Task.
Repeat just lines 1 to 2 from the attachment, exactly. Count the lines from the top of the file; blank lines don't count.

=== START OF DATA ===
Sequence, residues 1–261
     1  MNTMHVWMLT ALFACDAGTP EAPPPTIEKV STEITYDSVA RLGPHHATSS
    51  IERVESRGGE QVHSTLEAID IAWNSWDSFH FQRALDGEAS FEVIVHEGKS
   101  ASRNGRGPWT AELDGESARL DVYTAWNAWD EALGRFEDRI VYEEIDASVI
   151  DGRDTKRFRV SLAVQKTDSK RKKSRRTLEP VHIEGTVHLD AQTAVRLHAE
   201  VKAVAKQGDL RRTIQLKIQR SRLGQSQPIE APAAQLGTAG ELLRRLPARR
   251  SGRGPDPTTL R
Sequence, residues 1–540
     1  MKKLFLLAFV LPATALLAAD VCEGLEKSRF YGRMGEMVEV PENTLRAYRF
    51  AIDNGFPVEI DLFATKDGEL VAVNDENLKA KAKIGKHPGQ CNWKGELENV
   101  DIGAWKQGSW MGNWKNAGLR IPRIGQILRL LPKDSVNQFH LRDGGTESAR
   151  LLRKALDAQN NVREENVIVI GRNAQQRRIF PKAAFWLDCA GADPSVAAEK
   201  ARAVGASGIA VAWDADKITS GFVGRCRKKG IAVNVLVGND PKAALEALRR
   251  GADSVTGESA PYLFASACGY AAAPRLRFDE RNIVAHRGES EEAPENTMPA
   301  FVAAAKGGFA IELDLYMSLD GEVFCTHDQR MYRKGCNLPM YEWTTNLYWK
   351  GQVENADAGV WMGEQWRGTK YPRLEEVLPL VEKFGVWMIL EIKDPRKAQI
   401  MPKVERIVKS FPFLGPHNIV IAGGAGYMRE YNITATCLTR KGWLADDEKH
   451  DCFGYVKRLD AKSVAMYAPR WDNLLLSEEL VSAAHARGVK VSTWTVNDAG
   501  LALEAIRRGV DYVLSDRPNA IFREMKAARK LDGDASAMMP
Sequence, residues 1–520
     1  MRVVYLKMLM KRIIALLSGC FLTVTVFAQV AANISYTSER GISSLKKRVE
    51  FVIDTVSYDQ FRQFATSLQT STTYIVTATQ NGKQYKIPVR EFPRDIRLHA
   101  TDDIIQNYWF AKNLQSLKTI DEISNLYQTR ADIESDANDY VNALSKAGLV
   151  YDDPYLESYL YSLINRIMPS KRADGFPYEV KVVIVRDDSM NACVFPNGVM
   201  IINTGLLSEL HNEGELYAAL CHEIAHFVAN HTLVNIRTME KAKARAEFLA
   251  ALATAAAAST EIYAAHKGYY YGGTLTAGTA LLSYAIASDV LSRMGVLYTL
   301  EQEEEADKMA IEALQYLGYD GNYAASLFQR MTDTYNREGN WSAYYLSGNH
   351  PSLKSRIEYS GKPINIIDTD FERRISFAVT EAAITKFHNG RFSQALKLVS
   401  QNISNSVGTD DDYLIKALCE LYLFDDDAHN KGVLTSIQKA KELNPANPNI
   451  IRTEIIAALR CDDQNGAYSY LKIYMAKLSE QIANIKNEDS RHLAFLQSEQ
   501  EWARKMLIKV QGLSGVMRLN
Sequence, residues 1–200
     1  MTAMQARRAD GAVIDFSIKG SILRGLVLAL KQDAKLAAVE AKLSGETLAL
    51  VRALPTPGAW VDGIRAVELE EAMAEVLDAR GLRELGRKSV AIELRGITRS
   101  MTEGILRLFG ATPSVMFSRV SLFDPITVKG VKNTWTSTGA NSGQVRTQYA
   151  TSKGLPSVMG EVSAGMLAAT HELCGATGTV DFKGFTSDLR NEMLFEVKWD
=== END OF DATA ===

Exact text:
Sequence, residues 1–261
     1  MNTMHVWMLT ALFACDAGTP EAPPPTIEKV STEITYDSVA RLGPHHATSS